As told to Samiullah Khan

'Continue to be brave'
Swati bidhan Barua, 27
Was born: Bidhan Barua
Hails from: Guwahati
Works as: Lawyer
I am originally from Guwahati, and came to Mumbai for a sex reassignment surgery. I had to fight for my right to become a woman. It was only after I filed a petition in the Bombay High Court that I got the nod. While people around me were always supportive of my decision, I still feel a sense of discrimination. There was an instance wh-en I was abused and even physically assaulted. I feel that the generation needs to be educated for people's mentality to change. I completed my law some years ago, and I now practice at the Guwahati High Court. I am currently appearing as an advocate in ten criminal cases. I get a lot respect from people for my profession and the work I do for the transgender community. Lalitha is fortunate that her family and friends are supportive of her decision. I think she is incredibly brave. The police department should be kind towards her.
As told to Asif Rizvi

'Have a strong support system to keep you going'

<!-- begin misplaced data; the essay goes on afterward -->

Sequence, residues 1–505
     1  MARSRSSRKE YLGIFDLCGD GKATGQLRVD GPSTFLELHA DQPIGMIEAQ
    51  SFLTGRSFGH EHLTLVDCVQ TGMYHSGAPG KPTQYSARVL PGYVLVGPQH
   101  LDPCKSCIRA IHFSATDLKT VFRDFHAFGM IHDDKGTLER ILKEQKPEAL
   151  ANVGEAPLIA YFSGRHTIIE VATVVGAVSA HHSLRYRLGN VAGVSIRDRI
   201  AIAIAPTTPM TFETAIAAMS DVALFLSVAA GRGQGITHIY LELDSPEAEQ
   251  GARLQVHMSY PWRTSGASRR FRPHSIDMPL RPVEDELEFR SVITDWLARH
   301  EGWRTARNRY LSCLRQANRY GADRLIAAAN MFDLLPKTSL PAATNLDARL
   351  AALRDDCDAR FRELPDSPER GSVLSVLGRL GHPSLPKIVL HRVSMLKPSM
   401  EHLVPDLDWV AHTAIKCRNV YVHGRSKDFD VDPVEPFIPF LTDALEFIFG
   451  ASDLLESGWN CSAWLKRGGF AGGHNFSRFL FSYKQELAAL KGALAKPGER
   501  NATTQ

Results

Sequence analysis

Meera Jasmine, 30
Was born: Sachin Narayana
Hails from: Andhra Pradesh
Works as: Dancer
I hail from Andhra Pradesh and grew up in a conservative family that could never understand why their son behaved like a woman. I would dress, walk and talk in an effeminate manner. I always felt trapped in my body and wanted to change my orientation from the time I became an adult. I finally took the decision to undergo a sex reassignment surgery three years ago. It was the biggest decision of my life — it was the reason I moved out of my home and chose to live independently. Money was the biggest concern. I dredged up my savings and borrowed from friends. I think my friends from the trans community were my greatest support at a time when my family had turned their backs on me. I didn't even know which doctor to approach. They would make hospital rounds to find a reliable surgeon. The operation cost me Rs 1.50 lakh. But, was it worth this pain and mental agony? I couldn't quell those thoughts, but then my close friends counselled me. Those moments of remorse were temporary, though. Lalita will need to be strong when she experiences similar emotions because it's natural to oscillate and doubt your decision.